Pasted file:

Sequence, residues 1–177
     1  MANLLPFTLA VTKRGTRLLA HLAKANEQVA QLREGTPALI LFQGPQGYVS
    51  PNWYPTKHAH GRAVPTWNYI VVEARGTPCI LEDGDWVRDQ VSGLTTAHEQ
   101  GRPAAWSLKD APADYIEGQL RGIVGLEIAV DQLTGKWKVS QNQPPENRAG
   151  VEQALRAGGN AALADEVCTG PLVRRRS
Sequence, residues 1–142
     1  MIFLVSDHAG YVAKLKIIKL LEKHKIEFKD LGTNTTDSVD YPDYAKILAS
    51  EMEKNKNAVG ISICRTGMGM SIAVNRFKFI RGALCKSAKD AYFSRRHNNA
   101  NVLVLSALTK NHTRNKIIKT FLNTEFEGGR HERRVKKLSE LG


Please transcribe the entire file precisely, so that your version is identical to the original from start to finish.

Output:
Sequence, residues 1–177
     1  MANLLPFTLA VTKRGTRLLA HLAKANEQVA QLREGTPALI LFQGPQGYVS
    51  PNWYPTKHAH GRAVPTWNYI VVEARGTPCI LEDGDWVRDQ VSGLTTAHEQ
   101  GRPAAWSLKD APADYIEGQL RGIVGLEIAV DQLTGKWKVS QNQPPENRAG
   151  VEQALRAGGN AALADEVCTG PLVRRRS
Sequence, residues 1–142
     1  MIFLVSDHAG YVAKLKIIKL LEKHKIEFKD LGTNTTDSVD YPDYAKILAS
    51  EMEKNKNAVG ISICRTGMGM SIAVNRFKFI RGALCKSAKD AYFSRRHNNA
   101  NVLVLSALTK NHTRNKIIKT FLNTEFEGGR HERRVKKLSE LG